Compassion thaws coldness between neighbours. It forms bridges between people in moments of suffering. It makes the pain of people matter. Compassion is a conduit of care. It confirms the necessity of our connectedness. The absence of compassion would mean that we would be indifferent to unfortunate events happening to others. Compassion makes you look over the fence of a troubled neighbour then jump over to go relieve their pain. Abundant compassion contributes significantly to abundant life. Compassion generates a community’s warmth as well as human-to-human security. Where there is compassion, people feel safer and worry less because they know that their worries will be shared.
Compassion is essential in every front of the community. A parent at home, a teacher in school, a priest in a church, a politician in Parliament, a manager in a cooperation society, an officer in the police station, a doctor in the operating room – we all need it.
A leader without compassion is heartless and cares for nothing apart from their interests. There are those who see compassion as a weakness and see sensitivity as an impurity. A shortage of compassion leads to arrogance, brutality and diminution. Leaders who suppress compassion become slave drivers to those they lead. Failing to achieve an assigned task for whatever reason attracts maximum consequences. Calls for relief and breathers fall on deaf ears. You cry alone –in hiding - and wipe your tears before reappearing.
Mercy and kindness
Jesus did not only exemplify compassion – He embodied it. He did not merely do it, He was it. He was moved by the plight of the people. Compassion is a good conductor of love. Many biblical miracles have compassion as their springboard. Compassion provides the best motive for acts of mercy and kindness. It provides a solid base for goodness. Disciples of Christ are called to mirror His compassion.
Following Christ includes living a trail of mercy and kindness. It is unimaginable that one can be a Christian yet empty of compassion. It is this expectation that makes the larger community disappointed when there is a situation of need and the church, passive and clueless takes a spectator poise. The church is expected to be the leader in compassion.
Everyone needs a serving of compassion. No one is exclusively a consumer of compassion. We must all be simultaneously producers of it. We are made not just to be felt for but also to feel for others. To suppress a person’s sense of compassion is to evoke indifference and worse, their brutality. A community characterised by Pharaoh’s heart breeds oppression. Affirmation of compassion reinforces its existence, increasing the chances of its multiplication. Public hailing of compassion lights its spark in others. Compassion is infectious.
To hinder the expression of compassion is to block significant transformative possibilities that can only emerge from moved hearts. When hearts are rightly moved, authentic loving actions are launched. Some of the largest humanitarian drives such as the We Are the World project have compassion as their base.
Compassion can come from an individual. Recently, there was a widely publicised media report on a boy from Kilifi who could not pay attention in class due to hunger. Some individuals were moved beyond mere pity and mobilised resources and delivered food to the family and the school. In the same county, a woman was captured digging up tough earth seeking roots to eat with her family. Later, a report showed her smiling with a beautiful nearly completed house in the background. The house was built by individuals exercising compassion.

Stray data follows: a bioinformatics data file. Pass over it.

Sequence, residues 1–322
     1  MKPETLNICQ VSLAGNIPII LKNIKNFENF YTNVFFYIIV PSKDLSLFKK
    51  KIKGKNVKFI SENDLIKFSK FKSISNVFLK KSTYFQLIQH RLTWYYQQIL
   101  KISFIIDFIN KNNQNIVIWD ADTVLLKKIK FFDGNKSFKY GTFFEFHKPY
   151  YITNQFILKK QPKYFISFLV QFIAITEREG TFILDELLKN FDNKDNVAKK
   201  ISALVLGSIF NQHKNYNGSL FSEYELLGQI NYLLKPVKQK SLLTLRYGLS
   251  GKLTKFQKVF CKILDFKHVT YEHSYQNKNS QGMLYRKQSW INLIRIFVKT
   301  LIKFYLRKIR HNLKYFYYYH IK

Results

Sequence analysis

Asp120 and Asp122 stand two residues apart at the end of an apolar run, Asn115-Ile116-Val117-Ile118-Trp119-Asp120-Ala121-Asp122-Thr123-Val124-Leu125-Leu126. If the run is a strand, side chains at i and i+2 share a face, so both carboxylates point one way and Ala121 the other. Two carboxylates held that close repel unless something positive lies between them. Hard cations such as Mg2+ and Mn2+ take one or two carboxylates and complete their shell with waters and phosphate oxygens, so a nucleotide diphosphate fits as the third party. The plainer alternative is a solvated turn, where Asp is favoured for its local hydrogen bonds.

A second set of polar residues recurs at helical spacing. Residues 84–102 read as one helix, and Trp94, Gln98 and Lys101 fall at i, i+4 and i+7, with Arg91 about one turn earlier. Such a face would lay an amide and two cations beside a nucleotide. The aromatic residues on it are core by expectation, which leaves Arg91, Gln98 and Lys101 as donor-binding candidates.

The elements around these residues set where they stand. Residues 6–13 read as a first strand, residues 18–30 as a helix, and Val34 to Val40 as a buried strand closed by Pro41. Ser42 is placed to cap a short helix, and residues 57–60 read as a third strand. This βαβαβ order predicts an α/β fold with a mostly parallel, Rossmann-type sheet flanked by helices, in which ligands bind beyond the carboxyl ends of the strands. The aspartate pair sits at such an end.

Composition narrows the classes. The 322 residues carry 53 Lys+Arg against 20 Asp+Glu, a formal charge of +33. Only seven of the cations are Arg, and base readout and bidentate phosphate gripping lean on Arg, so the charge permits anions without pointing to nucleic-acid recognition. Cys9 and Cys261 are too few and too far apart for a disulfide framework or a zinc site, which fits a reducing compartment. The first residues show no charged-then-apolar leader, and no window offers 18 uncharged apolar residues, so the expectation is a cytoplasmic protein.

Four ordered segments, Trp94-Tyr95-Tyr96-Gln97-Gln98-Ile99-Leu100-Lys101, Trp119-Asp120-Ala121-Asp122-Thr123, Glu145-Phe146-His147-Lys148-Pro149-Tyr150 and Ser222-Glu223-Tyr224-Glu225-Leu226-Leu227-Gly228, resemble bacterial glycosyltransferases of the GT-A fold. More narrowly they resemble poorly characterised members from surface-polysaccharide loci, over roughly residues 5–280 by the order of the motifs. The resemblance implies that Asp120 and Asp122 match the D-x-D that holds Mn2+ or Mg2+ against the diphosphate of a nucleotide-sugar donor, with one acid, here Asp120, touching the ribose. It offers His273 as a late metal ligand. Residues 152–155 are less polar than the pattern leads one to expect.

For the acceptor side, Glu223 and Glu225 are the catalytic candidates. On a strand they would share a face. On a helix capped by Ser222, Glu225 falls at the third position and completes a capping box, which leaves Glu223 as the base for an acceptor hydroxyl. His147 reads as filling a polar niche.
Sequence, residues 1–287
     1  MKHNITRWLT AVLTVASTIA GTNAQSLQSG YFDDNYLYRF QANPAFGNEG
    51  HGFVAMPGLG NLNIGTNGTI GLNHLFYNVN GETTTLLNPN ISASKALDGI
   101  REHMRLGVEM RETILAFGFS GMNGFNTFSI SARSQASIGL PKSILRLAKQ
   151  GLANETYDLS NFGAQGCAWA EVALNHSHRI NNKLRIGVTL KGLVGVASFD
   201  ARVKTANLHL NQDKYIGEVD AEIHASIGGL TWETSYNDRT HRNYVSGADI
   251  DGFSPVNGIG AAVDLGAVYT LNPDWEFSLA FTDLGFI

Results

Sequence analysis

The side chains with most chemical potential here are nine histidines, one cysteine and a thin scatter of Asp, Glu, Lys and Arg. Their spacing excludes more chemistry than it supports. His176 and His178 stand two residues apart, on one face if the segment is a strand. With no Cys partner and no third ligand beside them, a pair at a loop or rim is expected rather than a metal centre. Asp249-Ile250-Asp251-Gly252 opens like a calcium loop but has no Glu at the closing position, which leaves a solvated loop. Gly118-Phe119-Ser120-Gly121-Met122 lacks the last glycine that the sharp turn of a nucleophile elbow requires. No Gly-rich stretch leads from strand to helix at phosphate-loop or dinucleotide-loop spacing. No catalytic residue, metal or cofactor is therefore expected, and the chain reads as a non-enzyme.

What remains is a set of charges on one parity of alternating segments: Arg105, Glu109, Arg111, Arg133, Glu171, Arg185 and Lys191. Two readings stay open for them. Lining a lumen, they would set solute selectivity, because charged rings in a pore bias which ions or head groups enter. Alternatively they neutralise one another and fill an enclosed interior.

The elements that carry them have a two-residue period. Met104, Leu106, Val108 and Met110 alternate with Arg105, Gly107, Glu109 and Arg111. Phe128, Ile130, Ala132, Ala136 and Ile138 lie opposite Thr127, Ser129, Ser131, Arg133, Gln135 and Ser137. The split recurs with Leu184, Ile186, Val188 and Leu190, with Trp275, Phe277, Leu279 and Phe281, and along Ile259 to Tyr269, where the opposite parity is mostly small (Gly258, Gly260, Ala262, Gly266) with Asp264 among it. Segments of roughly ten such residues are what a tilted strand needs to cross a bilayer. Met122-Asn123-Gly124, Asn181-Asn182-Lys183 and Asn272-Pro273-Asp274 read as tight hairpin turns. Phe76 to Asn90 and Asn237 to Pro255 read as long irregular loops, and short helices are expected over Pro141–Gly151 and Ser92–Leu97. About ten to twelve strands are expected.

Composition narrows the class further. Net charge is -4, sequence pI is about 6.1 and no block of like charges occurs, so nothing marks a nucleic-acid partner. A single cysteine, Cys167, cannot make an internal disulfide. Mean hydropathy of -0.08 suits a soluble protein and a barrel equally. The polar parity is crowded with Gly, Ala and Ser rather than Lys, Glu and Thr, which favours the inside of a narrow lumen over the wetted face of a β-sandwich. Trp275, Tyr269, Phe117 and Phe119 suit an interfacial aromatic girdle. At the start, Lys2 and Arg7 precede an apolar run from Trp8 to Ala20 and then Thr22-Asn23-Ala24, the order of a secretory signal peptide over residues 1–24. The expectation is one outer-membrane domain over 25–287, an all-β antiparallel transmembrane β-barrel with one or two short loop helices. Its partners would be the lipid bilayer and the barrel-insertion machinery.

Improvement of life
Compassion can be institutional. A guard at Wilson airport collected a bag with two million shillings and surrendered it back to the tourist owner. When the International Leadership University (ILU) heard of this remarkable act of integrity, they did not only send a “well done!” note to this lady of integrity, they gave her a full scholarship for a training programme in the institution. This exemplifies institutional sensitivity.
Compassion can be national. In the ongoing Russia-Ukraine war, victims have been displaced and some have moved to Germany and Poland. At no notice at all these countries opened their borders to fleeing Ukrainian nationals in search of safety. Welcoming these refugees means an allocation of resources for their maintenance. This involves allocation of budgets and revision of priorities. The commitment to maintain these displaced individuals for an unknown duration is a display of nations exercising empathy.
Compassion is multipliable. Even the hardest hearts cannot disable the capacity of the eyes to shed a tear. Pharaoh had to let God’s people free when the firstborn was struck dead. Everyone has their tear-provoking emotion. With the knowledge that every heart is moveable, it is up to storytellers in the community to determine how to move hearts. It is critical that this moving of hearts be towards constructing broken walls in the community.
Stirring emotions in the right direction makes compassion a critical contributor to the improvement of life. Often, only the horror side of stories is told. Such leaves the hearts of hearers paralysed not knowing how to respond. But when a teary story is told with a compassionate response tied to it, hearts see the power of compassionate action. They understand their compassion as an asset to effect life-changing responses.